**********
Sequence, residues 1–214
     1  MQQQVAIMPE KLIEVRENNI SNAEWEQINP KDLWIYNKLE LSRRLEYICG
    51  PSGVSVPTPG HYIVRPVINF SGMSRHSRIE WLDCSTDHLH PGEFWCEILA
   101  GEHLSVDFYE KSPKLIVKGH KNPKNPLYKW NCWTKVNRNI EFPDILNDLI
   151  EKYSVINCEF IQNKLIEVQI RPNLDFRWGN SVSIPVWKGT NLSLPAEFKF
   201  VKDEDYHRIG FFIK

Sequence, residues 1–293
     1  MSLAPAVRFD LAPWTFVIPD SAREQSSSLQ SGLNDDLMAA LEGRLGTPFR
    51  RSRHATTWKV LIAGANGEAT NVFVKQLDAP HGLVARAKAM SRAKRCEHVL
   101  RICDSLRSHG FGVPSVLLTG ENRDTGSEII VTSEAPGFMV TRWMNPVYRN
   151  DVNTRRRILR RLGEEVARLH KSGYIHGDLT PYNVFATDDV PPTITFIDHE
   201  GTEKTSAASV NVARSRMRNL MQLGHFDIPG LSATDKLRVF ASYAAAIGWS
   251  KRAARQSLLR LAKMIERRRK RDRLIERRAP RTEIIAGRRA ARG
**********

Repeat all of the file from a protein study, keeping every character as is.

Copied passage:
Sequence, residues 1–214
     1  MQQQVAIMPE KLIEVRENNI SNAEWEQINP KDLWIYNKLE LSRRLEYICG
    51  PSGVSVPTPG HYIVRPVINF SGMSRHSRIE WLDCSTDHLH PGEFWCEILA
   101  GEHLSVDFYE KSPKLIVKGH KNPKNPLYKW NCWTKVNRNI EFPDILNDLI
   151  EKYSVINCEF IQNKLIEVQI RPNLDFRWGN SVSIPVWKGT NLSLPAEFKF
   201  VKDEDYHRIG FFIK

Sequence, residues 1–293
     1  MSLAPAVRFD LAPWTFVIPD SAREQSSSLQ SGLNDDLMAA LEGRLGTPFR
    51  RSRHATTWKV LIAGANGEAT NVFVKQLDAP HGLVARAKAM SRAKRCEHVL
   101  RICDSLRSHG FGVPSVLLTG ENRDTGSEII VTSEAPGFMV TRWMNPVYRN
   151  DVNTRRRILR RLGEEVARLH KSGYIHGDLT PYNVFATDDV PPTITFIDHE
   201  GTEKTSAASV NVARSRMRNL MQLGHFDIPG LSATDKLRVF ASYAAAIGWS
   251  KRAARQSLLR LAKMIERRRK RDRLIERRAP RTEIIAGRRA ARG